THE YEAR IN VCU ATHLETICS, FROM A TO Z

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Wrong A-B-C...whatever, close enough.

Wrong A-B-C…whatever, close enough.

June marks the conclusion of the college athletics calendar, and July’s arrival effectively signals the beginning of the 2013-14 season, at least for those of us in the biz, anyway. It all makes this week a good time to reflect back on the year that was in VCU Athletics.

A – is for Atlantic 10 Conference, in which, according to our slogan, the Rams were ‘all-in’. We were also all-in for another season of “Arrested Development” and Pop Tart ice cream sandwiches, so we’re having a good year. VCU competed in the A-10 for the first time in 2012-13, a move that has elevated the program’s national profile. The Rams’ first A-10 title came via the women’s tennis squad, followed by a men’s tennis crown days later. Meanwhile, several other sports (men’s basketball, women’s soccer, men’s soccer) reached the league’s championship final.

B – is for the Ball family, one of the driving forces behind the VCU Golf program. They’re like the Kennedy’s of VCU Golf, but with a better short game. Matt Ball may have just completed his 14th season with the Rams, but this one was surely different than the others. That’s because 40 percent of his starting lineup was occupied by sons Adam and Matt Jr. Son Adam, a freshman, led the Rams in scoring average (73.53) this year, while Matt Jr., a junior, placed seventh at the A-10 Championship and was named to the league’s All-Academic Team.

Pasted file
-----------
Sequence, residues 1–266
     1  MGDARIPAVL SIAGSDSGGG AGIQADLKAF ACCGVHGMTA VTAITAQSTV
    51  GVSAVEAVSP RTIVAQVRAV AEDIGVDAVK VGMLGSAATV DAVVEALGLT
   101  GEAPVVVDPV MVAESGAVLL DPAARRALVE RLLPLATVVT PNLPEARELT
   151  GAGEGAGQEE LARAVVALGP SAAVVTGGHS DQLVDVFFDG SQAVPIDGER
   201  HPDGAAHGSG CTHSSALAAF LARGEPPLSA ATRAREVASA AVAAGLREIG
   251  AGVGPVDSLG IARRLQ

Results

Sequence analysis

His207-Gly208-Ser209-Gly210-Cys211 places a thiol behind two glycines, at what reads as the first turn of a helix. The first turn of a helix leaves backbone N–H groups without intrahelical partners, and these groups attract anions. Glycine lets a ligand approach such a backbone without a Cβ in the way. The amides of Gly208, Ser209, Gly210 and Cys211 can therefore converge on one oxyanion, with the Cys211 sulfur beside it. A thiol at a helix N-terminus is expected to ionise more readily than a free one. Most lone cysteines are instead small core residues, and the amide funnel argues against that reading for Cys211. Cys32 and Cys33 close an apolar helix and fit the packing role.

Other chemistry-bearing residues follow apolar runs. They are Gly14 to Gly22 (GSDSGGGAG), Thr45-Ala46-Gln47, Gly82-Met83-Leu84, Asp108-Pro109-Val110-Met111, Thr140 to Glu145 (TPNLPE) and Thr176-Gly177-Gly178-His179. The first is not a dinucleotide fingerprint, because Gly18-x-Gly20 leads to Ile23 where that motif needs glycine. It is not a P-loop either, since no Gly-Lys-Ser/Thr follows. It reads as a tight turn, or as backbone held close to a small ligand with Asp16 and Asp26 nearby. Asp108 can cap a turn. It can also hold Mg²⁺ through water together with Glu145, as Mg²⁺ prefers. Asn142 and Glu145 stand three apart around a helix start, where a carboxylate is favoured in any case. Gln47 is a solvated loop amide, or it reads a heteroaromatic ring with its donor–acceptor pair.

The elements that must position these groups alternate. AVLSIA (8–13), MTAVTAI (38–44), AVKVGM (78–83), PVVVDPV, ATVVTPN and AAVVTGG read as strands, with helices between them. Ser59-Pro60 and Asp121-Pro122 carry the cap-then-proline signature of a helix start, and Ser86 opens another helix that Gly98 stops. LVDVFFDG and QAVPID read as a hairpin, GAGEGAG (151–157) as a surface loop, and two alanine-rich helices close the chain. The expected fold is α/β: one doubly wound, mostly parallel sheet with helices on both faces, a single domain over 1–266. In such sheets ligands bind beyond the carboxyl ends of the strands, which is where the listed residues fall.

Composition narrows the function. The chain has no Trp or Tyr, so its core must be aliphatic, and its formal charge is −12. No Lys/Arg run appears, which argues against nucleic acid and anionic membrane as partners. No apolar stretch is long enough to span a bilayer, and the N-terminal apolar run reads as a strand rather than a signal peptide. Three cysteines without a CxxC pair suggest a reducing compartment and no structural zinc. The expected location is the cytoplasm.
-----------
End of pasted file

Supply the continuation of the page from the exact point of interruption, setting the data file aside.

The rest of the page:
C – is for Courtney Conrad, the alliteratively named star of the women’s soccer team. Conrad led the Rams with 11 goals, including five game-winners, and received All-Mid-Atlantic by the NSCAA.

D – is for Daniels, Troy. If you are a fan of basketball players who score three points at a time (and the signed, obscure Mark Price picture in my dining room proves I am), then you would’ve enjoyed Daniels’ 2012-13 season. In 36 games, Daniels bombed a school-record 124 three-pointers, including games of 11, nine and eight.

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ACCORDING TO PLAN: THE REBIRTH OF VCU SOCCER

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Coach Dave Giffard, 31-17-11 in three years at VCU, directed the Rams back to the NCAA Tournament for the first time since 2004 this season.

RICHMOND, Va. – There were some people who scoffed at the notion presented by Athletic Director Ed McLaughlin this summer, that VCU can win a national championship. But Men’s Soccer Coach Dave Giffard has always operated with that understanding. He talks about winning a national title so naturally in conversation that it doesn’t seem like a matter of if VCU can win one, but rather when.

Giffard was an assistant coach for Akron in 2009 when it reached the College Cup Final against Virginia, and has matter-of-factly approached his job at VCU the last three years a continuous chase for a national title.

On Sunday, he’ll get his first legitimate crack at fulfilling that goal when VCU (12-3-5), the No. 14 overall seed, takes on Syracuse in the second round of the NCAA College Cup at Sports Backers Stadium at 7 p.m. The match will mark the Rams’ first NCAA Tournament appearance since 2004, when they reached the Elite Eight.

“When it was announced, it was a little bit emotional,” Giffard said. “This group of players has never been there. They’ve never been through that. Even for our staff, our group’s been through an awful lot.”